6. Bon + [noun] (Good…)

You can also use the adjective bon (good) before a noun—especially when you want to congratulate someone on something specific. For example:

Bon travail les gars !
Good work, guys!

Bonne réussite !
Great success!

Note: the masculine bon becomes bonne before a feminine noun.

Formal Ways to Say Congratulations


Use the following phrases when you need to curb your enthusiasm, including in professional situations and in writing.

7. Féliciter (To congratulate)

As in English, to congratulate someone in a formal way either in speech or writing, we can simply use the verb “to congratulate” or féliciter in French.

Je vous félicite pour l’obtention de votre doctorat.
I congratulate you on receiving your PhD.

We can also make this verb reflexive to say that we congratulate ourselves ( se féliciter  — to congratulate oneself). For example:

Je me félicite pour la réalisation de mon projet !
I’m giving myself a pat on the back for the completion of my project!

8. Tous mes compliments / Tous nos compliments (Sincere congratulations)

This is a very formal way to express your congratulations in French. Though it’s possible to hear people say it, it’s commonly used in writing to someone you don’t know well or in a professional situation.

Tous mes compliments pour votre rapport.
Sincere congratulations on your report.

9. Je tiens à vous féliciter pour (I must/should congratulate you for…)

You can use this phrase when you want to really emphasize your congratulations in a formal situation. You might say this if someone made a great achievement or benefited a group of people working towards the same goal.

Je tiens à vous féliciter pour votre dévouement à l’entreprise.
I must congratulate you for your dedication to the company.

10. Tous mes vœux de bonheur (All my wishes of happiness)

This is a French expression we use to convey best wishes. It’s commonly used in contexts such as weddings, birthdays, anniversaries and other celebratory occasions, so it can be both formal or informal depending on the context.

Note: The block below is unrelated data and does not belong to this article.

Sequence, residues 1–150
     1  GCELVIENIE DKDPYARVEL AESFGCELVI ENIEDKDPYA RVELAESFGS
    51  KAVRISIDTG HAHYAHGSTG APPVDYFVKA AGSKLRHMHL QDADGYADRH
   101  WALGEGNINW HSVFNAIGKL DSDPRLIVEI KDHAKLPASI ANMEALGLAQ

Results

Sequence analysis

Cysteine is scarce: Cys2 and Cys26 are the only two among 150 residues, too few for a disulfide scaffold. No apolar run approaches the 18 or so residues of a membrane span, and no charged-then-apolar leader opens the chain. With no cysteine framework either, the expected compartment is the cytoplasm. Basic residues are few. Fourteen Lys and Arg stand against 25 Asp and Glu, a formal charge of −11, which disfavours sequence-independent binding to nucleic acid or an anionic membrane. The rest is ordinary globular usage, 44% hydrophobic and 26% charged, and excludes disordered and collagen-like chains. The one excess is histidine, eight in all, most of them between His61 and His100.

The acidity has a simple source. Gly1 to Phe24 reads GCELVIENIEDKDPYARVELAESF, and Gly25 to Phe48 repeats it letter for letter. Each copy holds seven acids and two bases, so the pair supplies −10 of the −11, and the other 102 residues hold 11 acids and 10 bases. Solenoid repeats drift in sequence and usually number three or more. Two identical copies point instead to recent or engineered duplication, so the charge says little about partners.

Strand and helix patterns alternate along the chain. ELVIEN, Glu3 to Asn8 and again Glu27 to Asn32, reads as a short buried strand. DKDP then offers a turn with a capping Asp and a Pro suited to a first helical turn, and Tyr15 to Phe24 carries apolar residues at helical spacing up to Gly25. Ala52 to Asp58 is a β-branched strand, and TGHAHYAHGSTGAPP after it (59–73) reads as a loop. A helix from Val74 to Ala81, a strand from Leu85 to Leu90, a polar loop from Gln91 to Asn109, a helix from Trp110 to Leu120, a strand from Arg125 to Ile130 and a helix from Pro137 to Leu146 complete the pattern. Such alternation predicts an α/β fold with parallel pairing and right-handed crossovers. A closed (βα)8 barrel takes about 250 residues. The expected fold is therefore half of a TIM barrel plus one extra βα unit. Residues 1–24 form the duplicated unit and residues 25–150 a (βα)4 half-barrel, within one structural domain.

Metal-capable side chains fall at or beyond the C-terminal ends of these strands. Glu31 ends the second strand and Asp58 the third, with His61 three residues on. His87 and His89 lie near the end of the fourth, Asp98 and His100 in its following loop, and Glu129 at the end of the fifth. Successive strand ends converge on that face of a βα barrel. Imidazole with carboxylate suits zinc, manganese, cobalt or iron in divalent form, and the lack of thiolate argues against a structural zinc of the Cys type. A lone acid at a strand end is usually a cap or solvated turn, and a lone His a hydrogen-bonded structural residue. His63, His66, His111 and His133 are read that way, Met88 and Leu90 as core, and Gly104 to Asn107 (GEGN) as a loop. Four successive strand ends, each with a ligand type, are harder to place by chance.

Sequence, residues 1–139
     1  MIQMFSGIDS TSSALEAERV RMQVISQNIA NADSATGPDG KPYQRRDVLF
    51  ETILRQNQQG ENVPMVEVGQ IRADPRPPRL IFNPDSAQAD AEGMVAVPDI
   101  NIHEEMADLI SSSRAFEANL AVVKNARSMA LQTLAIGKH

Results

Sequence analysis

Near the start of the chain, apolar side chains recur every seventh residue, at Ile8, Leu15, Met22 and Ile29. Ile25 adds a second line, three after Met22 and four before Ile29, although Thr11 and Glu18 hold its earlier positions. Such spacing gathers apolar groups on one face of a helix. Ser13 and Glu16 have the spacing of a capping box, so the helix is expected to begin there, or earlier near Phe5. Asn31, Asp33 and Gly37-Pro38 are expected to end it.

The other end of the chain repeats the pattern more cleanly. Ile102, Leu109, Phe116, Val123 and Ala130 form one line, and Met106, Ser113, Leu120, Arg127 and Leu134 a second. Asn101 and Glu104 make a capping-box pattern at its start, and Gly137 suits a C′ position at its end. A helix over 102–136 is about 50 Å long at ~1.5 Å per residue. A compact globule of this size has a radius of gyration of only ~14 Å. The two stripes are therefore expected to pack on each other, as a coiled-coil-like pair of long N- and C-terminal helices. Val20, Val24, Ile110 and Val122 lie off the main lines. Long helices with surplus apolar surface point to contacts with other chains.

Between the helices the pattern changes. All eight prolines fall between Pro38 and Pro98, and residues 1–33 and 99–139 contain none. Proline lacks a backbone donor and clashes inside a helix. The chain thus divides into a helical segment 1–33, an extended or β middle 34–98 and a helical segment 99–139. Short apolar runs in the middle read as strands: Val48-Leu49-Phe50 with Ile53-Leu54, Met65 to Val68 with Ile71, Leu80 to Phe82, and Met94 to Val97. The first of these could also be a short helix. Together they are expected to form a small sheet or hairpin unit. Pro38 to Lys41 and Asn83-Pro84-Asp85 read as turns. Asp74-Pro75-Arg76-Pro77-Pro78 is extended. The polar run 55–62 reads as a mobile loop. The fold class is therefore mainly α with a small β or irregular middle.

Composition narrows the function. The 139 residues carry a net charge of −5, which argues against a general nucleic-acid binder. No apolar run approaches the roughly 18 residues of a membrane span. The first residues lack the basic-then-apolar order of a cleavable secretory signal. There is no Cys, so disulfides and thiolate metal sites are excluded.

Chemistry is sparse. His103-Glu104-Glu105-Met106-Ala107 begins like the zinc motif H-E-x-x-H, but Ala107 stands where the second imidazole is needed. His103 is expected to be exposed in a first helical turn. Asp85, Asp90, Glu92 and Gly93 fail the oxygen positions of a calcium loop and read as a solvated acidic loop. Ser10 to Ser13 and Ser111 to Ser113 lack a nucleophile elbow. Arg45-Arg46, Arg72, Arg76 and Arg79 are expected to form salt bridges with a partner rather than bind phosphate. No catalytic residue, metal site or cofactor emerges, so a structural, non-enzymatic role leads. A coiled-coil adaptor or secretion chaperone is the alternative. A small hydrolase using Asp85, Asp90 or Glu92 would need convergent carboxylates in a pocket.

Tous mes vœux de bonheur pour votre mariage ! Que votre vie à deux soit remplie de joie et d’amour.
All my wishes of happiness for your wedding! May your life together be filled with joy and love.

 If you aren’t sure when to use some of these expressions, you can watch them being used by native speakers with the FluentU program

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“Congratulations” in Different Cultures 

It’s good to keep in mind that French is spoken in many countries outside of France. So if you’re planning to visit a French-speaking country that isn’t France, remember there’s also a cultural part to play.

They might not use the same slang or informal ways to say congratulations. You can always ask if you’re not sure! Or just pay close attention to what the locals say. 

I also should note that the French are arguably more blasé or indifferent when it comes to showing excitement, and you might find that some individuals won’t express themselves in the same way you’d expect in your own country—just something to bear in mind.


As we’ve seen, saying congratulations in French can be tricky to navigate as it breaches both worlds of informal and formal.

Yet with practice, this will become second nature and with time you’ll know exactly how to express your congratulations in French in all manner of situations! 

And one more thing...

If you like learning French on your own time and from the comfort of your smart device, then I'd be remiss to not tell you about FluentU.

FluentU has a wide variety of great content, like interviews, documentary excerpts and web series, as you can see here: